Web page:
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'Average GP earnings' at prominent GP's practice is £23k per year

The practice of Family Doctor Association chairman Dr Peter Swinyard has revealed that their mean GP earnings are only £22,884 per annum, according to the calculations set out by NHS England.

The website of the Phoenix surgery in Swindon adds this this is much less than a train driver, who ‘according to a Government website… would earn from £35,000-£60,000 per year.’

Dr Swinyard told Pulse that this number reflects the fact that ‘the amount of money coming into the practice is not enough to sustain the service we’re providing.’

GPs have had to publish their earnings since the end of March as a requirement of the 2015/16 contract.

Earnings are calculated based on contractual income from NHS England, CCGs and local authorities divided by the number of GPs working full- or part-time in the practice. 

Dr Swinyard suspects that many other practices will have found similarly low mean GP earnings, ‘if their accountants work them out for them in the correct way’.

‘If I hadn’t cashed in my NHS pension, I wouldn’t be able to survive on what the practice is making just now… And I haven’t actually been paid this year at all, there is no money, I have been living on my pension and my savings,’ Dr Swinyard added.

The Phoenix surgery website notes that ‘the prescribed method for calculating earnings is potentially misleading because it takes no account of how much time doctors spend working in the practice, and should not be used to form any judgement about GP earnings, nor to make any comparison with any other practice.’

Readers' comments (23)

  • Sorry Nabi.

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  • If they are smart they are pushing it out as rent (avoiding the declaration) to their own ltd company and dividending it to themselves at a lower tax rate.

    It could, of course, be true, or much less than they really receive in pay.

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  • "Anonymous | Sessional/Locum GP08 Apr 2016 11:57am

    @10:31 "The declaration on Dr Swinyard's website seems incomplete as it does not state how many full time, part time etc."

    Publishing information on working hours isn't mandatory, though. And while the figures are entirely meaningless without these figures, I don't have any great faith that they would be particularly meaningful even if such information was included.

    So seems to me it is entirely up to the practice in question whether or not they prefer also to reveal data on working hours."


    The hours is not mandatory but the regulations require that the statement says how many full time and part-time GPs are included in the calculation and in that, Dr Swinyard's website does not comply

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  • The Payments to Phoenix surgery Swindon, as recorded on the NHS payments database total

    £1,334,277
    £123.70 per weighted patient.

    Four listed Doctors (including one salaried):
    http://www.phoenixsurgery.com/staff1.aspx

    Probably more like 140K/yr FTE, don't know how many sessions they are working.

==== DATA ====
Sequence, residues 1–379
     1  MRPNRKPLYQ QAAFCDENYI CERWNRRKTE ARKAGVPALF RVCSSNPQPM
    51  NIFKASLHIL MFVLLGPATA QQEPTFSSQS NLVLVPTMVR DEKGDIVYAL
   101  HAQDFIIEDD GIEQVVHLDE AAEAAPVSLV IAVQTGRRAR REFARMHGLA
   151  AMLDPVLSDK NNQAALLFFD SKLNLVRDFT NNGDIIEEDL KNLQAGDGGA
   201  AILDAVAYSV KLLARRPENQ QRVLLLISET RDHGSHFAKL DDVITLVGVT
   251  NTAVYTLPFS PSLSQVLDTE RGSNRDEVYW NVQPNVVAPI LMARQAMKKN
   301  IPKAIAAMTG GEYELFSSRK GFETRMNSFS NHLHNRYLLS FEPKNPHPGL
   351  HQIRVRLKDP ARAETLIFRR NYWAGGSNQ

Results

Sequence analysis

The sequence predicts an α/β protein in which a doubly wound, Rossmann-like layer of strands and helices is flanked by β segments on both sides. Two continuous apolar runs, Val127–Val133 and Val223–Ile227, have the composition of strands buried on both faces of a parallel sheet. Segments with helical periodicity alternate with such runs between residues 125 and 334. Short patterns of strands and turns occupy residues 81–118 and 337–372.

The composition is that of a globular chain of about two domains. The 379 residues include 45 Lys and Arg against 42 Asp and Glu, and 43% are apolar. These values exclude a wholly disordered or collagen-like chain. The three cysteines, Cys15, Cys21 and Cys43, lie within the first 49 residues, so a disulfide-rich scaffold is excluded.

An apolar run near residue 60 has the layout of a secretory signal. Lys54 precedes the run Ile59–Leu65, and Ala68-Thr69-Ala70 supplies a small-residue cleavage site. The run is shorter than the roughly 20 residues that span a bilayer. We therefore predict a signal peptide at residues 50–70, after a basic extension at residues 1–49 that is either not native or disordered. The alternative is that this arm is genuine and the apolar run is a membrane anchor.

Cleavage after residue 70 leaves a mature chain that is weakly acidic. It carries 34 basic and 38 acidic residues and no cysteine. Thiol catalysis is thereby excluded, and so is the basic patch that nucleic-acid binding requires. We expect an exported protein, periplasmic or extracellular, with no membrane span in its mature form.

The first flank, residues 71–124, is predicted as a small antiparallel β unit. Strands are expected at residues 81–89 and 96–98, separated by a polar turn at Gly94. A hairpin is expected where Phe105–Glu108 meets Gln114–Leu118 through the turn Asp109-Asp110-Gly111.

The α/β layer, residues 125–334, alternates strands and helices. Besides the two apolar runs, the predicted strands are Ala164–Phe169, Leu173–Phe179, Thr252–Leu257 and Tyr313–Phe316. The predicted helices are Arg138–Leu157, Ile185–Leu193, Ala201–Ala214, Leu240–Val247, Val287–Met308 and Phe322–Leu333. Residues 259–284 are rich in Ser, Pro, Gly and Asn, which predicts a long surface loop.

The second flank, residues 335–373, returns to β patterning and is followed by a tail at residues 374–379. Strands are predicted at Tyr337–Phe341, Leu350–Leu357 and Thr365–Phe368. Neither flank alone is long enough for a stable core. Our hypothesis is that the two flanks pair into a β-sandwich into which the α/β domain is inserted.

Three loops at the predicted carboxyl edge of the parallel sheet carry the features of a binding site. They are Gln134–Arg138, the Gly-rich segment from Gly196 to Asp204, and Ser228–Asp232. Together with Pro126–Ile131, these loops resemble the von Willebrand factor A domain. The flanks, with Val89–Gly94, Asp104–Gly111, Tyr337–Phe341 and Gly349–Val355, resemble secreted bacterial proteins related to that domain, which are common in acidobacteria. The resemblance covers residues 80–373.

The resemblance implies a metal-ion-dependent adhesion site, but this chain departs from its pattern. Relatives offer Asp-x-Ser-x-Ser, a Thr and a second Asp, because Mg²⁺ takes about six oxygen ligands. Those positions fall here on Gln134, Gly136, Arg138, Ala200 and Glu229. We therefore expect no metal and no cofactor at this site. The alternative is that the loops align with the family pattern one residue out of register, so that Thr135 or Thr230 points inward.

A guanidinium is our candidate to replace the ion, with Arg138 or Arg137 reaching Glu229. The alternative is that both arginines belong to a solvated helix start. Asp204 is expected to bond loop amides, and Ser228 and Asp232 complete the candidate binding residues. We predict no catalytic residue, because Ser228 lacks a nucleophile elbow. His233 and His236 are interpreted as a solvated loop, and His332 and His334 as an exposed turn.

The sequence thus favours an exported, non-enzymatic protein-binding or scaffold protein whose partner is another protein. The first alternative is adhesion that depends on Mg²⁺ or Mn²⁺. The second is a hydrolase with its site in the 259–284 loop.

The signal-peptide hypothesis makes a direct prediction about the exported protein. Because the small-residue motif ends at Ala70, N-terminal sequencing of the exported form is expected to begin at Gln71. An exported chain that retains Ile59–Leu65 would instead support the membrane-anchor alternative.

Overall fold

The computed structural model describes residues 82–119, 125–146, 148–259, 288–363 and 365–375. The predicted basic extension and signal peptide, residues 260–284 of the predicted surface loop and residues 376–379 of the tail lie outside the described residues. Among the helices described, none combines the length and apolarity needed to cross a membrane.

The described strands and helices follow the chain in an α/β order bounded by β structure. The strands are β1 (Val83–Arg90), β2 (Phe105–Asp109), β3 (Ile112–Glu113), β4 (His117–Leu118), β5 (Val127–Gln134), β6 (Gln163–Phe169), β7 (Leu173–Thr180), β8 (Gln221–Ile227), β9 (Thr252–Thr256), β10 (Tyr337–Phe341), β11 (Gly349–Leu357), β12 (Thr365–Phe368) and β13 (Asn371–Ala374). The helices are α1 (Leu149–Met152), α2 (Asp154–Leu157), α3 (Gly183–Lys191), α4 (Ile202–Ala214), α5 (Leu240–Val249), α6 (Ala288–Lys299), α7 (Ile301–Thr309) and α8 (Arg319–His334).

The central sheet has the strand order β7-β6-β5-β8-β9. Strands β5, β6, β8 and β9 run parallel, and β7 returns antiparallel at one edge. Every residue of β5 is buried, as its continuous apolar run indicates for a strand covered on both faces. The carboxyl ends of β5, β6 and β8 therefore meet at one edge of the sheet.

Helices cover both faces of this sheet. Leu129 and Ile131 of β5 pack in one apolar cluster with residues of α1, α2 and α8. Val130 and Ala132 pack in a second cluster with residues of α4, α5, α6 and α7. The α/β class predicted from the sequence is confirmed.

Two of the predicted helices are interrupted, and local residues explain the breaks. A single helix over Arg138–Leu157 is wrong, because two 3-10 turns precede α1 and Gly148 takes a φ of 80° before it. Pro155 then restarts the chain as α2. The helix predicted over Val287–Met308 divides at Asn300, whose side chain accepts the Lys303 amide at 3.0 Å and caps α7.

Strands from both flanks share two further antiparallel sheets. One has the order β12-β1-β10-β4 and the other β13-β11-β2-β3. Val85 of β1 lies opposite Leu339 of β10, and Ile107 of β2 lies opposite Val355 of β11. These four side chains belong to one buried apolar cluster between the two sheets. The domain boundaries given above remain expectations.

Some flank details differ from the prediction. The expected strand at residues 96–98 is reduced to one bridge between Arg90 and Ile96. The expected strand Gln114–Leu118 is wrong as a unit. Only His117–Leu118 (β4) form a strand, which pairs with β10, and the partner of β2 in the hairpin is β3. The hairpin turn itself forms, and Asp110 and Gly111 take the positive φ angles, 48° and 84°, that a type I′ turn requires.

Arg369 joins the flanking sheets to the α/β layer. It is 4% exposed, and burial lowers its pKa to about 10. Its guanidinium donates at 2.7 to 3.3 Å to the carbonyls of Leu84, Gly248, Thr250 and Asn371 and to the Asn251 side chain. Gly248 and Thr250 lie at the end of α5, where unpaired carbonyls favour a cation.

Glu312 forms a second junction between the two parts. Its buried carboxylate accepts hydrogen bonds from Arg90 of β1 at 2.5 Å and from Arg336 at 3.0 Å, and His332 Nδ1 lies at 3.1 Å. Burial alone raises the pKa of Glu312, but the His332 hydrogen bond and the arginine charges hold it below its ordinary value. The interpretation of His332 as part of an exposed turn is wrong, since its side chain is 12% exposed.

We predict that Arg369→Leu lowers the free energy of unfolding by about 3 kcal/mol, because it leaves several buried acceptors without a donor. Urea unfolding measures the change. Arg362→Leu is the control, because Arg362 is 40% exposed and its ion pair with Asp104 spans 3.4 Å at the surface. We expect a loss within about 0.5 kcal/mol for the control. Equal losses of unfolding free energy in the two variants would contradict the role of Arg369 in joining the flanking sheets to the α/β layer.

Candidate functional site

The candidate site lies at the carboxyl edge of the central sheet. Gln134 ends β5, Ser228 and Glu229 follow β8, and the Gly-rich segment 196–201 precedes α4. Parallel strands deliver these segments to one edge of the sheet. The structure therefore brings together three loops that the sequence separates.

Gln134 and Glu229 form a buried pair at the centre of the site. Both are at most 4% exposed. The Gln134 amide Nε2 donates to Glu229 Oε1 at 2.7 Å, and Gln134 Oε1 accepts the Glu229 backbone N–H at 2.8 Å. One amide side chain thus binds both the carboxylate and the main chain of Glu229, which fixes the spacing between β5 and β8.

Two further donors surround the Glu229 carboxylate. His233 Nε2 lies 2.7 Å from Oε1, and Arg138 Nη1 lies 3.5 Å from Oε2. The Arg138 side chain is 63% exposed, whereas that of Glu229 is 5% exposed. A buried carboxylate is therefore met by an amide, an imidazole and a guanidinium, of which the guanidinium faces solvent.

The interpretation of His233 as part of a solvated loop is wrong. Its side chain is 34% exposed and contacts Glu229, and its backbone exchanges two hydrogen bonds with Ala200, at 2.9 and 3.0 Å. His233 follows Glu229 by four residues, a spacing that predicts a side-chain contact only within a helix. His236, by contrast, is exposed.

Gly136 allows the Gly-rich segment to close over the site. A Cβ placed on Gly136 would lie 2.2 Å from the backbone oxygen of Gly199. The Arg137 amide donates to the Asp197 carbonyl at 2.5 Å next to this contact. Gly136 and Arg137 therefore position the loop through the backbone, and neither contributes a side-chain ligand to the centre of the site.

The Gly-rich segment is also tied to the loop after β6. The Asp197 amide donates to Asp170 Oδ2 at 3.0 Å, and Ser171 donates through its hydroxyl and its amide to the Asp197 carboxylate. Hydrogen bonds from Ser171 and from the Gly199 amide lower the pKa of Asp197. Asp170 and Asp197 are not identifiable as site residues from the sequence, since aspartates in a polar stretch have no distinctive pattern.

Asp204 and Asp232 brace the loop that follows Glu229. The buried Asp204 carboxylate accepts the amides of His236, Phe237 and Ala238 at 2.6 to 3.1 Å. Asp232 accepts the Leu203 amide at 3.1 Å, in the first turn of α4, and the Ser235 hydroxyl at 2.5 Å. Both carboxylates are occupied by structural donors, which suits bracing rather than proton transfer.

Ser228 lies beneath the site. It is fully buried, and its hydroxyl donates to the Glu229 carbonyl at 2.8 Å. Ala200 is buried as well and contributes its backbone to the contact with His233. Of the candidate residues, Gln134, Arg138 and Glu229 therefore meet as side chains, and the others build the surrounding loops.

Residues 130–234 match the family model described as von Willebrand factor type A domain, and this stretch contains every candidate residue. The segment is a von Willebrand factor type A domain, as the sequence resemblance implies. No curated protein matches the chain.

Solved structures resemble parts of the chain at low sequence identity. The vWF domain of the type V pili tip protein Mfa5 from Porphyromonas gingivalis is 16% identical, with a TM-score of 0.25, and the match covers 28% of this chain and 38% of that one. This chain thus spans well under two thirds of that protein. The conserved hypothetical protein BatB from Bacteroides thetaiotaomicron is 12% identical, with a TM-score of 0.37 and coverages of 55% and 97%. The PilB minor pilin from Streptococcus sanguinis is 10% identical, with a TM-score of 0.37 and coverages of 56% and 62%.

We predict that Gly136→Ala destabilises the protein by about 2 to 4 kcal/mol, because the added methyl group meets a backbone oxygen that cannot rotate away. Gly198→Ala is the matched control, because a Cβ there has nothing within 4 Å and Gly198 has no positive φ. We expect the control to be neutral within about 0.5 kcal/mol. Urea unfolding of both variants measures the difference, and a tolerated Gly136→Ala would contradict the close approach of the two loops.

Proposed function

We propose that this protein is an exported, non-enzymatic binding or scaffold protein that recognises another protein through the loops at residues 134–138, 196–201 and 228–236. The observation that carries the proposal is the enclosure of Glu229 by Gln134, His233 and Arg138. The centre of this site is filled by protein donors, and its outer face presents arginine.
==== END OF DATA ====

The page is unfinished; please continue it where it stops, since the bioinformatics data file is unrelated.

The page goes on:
The whole thing is a non-sense anyway, and They are probably worth more than that.

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  • I do not agree that you should have to publish earnings. But the calculations used here have to be 'slightly' out. Can't have staff earning more than the GP's.

    When the accountants have finished with my accounts, I have no idea how much I have earned.

    My business is incorporated and I take £8,000 in salary. This must be my income then.

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  • Peter Swinyard

    With regard to |Anonymous | Medical student|08 Apr 2016 9:15am, yes I do have my dignity. I find your comment offensive.
    I have declared exactly what the government has told us to declare.
    FYI, I had been working 2 clinical days a week (4 sessions, my partner 3 days (6 sessions) and my 2 salaried doctors 4 sessions and 6 sessions a week. My partner is now leaving and one of the salaried doctors has reduced to 1 day a week from 2.
    I am having to come out of retirement and work full time. I founded this practice in 1995 and am not a quitter, even in tough times.
    I also have the practice premises which are owned by me along with the mortgage. They would be unsaleable without a viable practice occupying them and you cannot do a sale and leaseback if no-one will sign the lease.
    No, this is not a great situation. I think it sucks.
    The best option for the practice is probably to amalgamate with a large group of practices for the future - possibly to the detriment of patients' access to continuity of care.
    But our political masters care little for patients and even less for doctors. We are nearly 4 years from the next election, after all, and it is unlikely that "the most GP-friendly Secretary of State ever" (his words to me) will still be in office by then.

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  • Dr swinyard is doing it for love. No money

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  • Who gets the £1,333,000

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  • Publish tax return like pm

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  • All this bickering amongst GPs here playing into the NHSE plans to destroy you from the inside. Mindless inconsistent data that somehow the GPC seems is "transparent".

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